9 Simple Tips To Feel Happy

Jul 31, 2019

1. Leave your work…at work

This is easier said than done, especially if you truly enjoy your work. However, as we mentioned in our previous blog, working more hours doesn’t result in more productivity. As a matter of fact, your productivity goes down after a certain point, and you are more prone to making mistakes. Taking the time to unwind will actually make you better at your job.

A good life balance is essential for happiness. You need to allocate enough time not only for your career, but also for hobbies, health, social life and family. If the balance isn’t there, all aspects of your life will suffer.

2. Take a walk in the park

Or even better, in a forest. Spending time in the nature helps reduce stress levels and decrease blood pressure. Another added benefit of spending time outside is vitamin D. Vitamin D helps maximize calcium absorption which is essential for our health. Natural light also helps regulate your melatonin levels which in turn helps you sleep better.

3. Get enough sleep

Most of us aren’t getting the recommended 7-9 hours a day. We let work, house chores, going out for dinner, or watching Netflix cut into our sleep hours. People often underestimate the importance of sleep. However, a survey by the National Centre for Social Research has shown that sleep has the strongest association with well-being.

A well-rested brain is a happy brain. We can all relate to this. After a poor night’s sleep, we feel grumpy and become easily agitated, whereas a good night’s sleep makes us feel refreshed and energized.

4. Exercise

You’ve probably heard that exercising causes a release of endorphins. The main function of endorphins is to fight stress and pain. So why are endorphins released during exercise? Exercise actually tricks our brain into believing that we are in a stressful situation, because it increases our heart-rate and blood pressure. In response, the brain produces endorphins which can make you feel euphoric.

However, endorphins aren’t the only feel-good chemicals released when you exercise. Your body also produces serotonin, BDNF, norepinephrine and dopamine. These chemicals boost your mood, lower your stress levels and help fight depression.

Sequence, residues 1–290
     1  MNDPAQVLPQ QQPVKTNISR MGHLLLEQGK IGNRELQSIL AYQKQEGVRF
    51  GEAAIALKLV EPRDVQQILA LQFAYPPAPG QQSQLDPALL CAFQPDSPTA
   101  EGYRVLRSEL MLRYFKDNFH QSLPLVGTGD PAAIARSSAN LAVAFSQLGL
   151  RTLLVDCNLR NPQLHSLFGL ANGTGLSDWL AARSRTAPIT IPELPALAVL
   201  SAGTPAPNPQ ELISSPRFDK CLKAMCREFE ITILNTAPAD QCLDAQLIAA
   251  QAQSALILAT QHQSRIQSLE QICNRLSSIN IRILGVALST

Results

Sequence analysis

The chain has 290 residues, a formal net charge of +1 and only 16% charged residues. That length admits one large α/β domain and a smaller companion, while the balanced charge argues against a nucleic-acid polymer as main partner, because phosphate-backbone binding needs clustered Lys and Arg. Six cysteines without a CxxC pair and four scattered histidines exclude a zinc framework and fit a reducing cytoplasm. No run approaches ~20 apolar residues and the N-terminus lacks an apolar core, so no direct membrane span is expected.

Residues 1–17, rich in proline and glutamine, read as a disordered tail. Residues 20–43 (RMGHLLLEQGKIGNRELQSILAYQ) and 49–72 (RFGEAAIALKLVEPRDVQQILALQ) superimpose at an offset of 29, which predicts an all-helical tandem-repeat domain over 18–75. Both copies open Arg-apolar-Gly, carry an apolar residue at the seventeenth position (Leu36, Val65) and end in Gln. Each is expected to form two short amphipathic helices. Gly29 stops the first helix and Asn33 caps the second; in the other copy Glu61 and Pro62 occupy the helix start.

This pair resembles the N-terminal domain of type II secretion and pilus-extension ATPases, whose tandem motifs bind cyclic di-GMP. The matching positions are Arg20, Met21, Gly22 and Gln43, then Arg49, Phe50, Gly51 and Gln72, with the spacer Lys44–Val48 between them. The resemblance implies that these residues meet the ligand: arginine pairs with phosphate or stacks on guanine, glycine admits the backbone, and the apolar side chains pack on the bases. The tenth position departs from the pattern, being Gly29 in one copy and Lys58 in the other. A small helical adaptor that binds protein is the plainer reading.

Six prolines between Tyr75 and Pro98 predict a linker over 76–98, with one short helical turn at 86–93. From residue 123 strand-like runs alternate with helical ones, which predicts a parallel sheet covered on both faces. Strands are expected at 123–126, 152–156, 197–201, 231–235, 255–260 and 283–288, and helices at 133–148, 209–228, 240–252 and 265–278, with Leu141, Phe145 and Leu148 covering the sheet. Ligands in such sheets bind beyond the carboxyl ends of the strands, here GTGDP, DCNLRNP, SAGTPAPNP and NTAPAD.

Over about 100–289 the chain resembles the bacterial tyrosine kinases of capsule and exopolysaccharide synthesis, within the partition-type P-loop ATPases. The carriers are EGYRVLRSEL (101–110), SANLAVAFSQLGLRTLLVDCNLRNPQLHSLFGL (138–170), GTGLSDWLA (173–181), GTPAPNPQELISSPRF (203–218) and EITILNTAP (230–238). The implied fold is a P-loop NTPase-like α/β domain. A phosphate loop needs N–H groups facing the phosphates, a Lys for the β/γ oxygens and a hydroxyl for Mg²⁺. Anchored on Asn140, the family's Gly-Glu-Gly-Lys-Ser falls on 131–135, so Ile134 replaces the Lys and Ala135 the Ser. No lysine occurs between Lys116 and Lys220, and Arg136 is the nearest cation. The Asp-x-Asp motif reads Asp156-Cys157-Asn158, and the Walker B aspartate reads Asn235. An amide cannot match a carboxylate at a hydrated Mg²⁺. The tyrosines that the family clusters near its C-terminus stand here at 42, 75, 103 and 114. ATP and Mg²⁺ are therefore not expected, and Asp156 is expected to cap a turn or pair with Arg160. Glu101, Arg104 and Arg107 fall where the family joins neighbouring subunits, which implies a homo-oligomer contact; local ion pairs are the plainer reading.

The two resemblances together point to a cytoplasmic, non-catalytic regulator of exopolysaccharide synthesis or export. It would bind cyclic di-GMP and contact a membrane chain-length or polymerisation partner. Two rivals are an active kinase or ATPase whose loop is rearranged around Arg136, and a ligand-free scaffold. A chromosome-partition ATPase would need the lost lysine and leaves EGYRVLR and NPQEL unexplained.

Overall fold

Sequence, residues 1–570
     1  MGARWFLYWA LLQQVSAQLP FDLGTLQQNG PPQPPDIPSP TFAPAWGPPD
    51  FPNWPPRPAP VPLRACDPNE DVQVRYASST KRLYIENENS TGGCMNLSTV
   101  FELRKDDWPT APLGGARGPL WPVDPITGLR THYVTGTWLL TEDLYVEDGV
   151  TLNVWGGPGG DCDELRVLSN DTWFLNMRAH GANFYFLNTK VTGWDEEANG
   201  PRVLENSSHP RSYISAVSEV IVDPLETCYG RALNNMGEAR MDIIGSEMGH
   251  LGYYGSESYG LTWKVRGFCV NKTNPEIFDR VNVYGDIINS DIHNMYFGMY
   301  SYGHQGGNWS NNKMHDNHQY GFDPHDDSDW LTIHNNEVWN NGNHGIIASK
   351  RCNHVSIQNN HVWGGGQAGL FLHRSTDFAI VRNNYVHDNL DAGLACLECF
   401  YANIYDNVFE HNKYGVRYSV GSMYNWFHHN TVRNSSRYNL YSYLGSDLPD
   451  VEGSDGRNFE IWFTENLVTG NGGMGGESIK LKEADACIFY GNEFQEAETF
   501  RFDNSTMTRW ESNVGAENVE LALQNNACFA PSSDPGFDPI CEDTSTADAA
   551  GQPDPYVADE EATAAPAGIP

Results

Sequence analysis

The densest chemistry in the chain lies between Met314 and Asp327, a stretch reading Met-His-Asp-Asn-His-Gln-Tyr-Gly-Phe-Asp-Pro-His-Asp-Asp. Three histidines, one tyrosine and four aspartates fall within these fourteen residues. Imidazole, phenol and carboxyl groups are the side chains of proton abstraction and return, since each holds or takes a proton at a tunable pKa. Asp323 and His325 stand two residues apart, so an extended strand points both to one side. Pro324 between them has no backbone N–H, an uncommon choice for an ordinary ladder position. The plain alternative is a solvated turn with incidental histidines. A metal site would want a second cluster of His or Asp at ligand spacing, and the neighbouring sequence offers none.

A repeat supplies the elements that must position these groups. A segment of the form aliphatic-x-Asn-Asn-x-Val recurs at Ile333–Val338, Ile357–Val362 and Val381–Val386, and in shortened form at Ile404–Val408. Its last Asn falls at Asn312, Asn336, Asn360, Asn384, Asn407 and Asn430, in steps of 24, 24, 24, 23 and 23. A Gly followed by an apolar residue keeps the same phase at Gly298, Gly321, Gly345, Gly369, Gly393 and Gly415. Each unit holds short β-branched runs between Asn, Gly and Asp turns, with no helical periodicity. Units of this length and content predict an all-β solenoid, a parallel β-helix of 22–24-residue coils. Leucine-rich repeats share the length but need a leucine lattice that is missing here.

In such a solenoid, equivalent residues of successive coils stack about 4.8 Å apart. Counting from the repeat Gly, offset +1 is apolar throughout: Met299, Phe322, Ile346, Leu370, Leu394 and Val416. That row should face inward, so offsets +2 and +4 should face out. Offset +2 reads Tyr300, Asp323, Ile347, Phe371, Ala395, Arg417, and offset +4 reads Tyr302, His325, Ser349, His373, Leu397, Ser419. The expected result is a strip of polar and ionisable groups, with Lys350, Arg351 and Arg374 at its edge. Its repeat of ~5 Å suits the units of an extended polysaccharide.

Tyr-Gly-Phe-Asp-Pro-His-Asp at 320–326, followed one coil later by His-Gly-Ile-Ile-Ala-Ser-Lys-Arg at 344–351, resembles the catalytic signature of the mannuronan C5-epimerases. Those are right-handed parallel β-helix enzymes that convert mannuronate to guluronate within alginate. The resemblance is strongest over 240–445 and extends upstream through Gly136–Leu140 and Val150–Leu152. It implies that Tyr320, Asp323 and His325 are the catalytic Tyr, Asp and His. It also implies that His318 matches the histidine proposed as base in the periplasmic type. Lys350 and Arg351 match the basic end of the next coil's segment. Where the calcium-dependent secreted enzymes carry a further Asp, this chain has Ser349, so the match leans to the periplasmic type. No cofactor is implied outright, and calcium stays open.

Exercise also helps reduce levels of cortisol and adrenaline, which in high amounts can make you feel more stressed. Reducing negative chemicals and increasing positive ones results in an overall feeling of happiness.

5. Eat well

We tend to think that high carb, processed foods like chocolate, ice cream, and chips can make us feel good. We often reward ourselves with these foods or eat them in an attempt to deal with stress or pain. However, these foods trick us into feeling happy by producing a short-term feeling of gratification.

A study from the University of Queensland and the University of Warwick has shown that eating vegetables and fruits, and staying away from processed, high-sugar foods can increase the feeling of happiness in the long-run. It is important that we get enough nutrients for both physical and mental well-being.

6. Spend more on experiences

While buying a new iPhone can make you feel good, the feeling will be short-lived. Do you ever wonder why you are never truly satisfied with the number of things you own? The excitement of that new iPhone quickly fades as the novelty wears off and it becomes part of your daily life.

Instead of buying more things, spend money on experiences. Book a city trip or go to a concert. Experiences enrich your life and create long-lasting memories. The happiest, most memorable moments of your life are linked to experiences rather than possessions.

7. Give back

Research has shown that giving makes us happier than receiving. When you donate money, the brain releases “feel-good” neurotransmitters such as oxytocin and vasopressin. When doing good makes people feel good, these neurotransmitters can be addictive. This is referred to as “helper’s high”. A study performed by Arthur Brooks has shown that givers are 42% more likely to say they are “very happy” as opposed to non-givers.

Donating money isn’t the only way to give back. Giving up some of your free time to volunteer has a similar positive effect on your brain. In addition, people who volunteer often feel a sense of belonging to a community which helps reduce the feeling of loneliness and isolation.

8. Unplug

The continuous flow of emails, text messages, Instagram notifications, advertisements on TV and radio causes your brain to constantly be on high-alert, in anticipation of a new piece of information. This can lead to a feeling of anxiety.

For your brain to truly relax, you need to unplug. Next time you eat dinner with friends or family, turn off your phone and be present in the moment. Even better, block out tech-free hours in your day. For example, make it as a rule that you don’t check your phone or watch TV between 7-9pm.

9. Declutter

Clutter has a negative effect on your stress levels. People function better in organized, clean environments. According to the National Sleep Foundation, people also sleep better when their bedroom is organized and clutter-free.

When it comes to decluttering, we can all learn something from the minimalist movement. Namely, if an item brings you joy, keep it. However, if it doesn’t, throw it away or donate it. If all items in your home bring you joy, you will automatically feel happier.

Decluttering at work is also important. A clean desk will boost your concentration levels and help you focus. Employees with clean desks experience their work environment as being more pleasant than those with desk clutter. The same applies to your PC. Work PCs are often disorganized, with floating files that haven’t found their forever home in the complex folder structures we use. This causes unnecessary stress.

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